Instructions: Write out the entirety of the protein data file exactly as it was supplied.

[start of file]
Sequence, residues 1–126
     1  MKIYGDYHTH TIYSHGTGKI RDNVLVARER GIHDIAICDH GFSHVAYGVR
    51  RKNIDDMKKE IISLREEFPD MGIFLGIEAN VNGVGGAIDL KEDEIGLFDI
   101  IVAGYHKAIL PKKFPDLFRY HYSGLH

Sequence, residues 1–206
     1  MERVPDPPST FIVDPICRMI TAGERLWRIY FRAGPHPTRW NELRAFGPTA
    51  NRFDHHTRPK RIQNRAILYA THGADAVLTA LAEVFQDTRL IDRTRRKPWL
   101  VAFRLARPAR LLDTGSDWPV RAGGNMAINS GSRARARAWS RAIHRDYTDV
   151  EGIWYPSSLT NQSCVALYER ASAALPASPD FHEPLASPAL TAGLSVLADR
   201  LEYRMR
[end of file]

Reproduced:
Sequence, residues 1–126
     1  MKIYGDYHTH TIYSHGTGKI RDNVLVARER GIHDIAICDH GFSHVAYGVR
    51  RKNIDDMKKE IISLREEFPD MGIFLGIEAN VNGVGGAIDL KEDEIGLFDI
   101  IVAGYHKAIL PKKFPDLFRY HYSGLH

Sequence, residues 1–206
     1  MERVPDPPST FIVDPICRMI TAGERLWRIY FRAGPHPTRW NELRAFGPTA
    51  NRFDHHTRPK RIQNRAILYA THGADAVLTA LAEVFQDTRL IDRTRRKPWL
   101  VAFRLARPAR LLDTGSDWPV RAGGNMAINS GSRARARAWS RAIHRDYTDV
   151  EGIWYPSSLT NQSCVALYER ASAALPASPD FHEPLASPAL TAGLSVLADR
   201  LEYRMR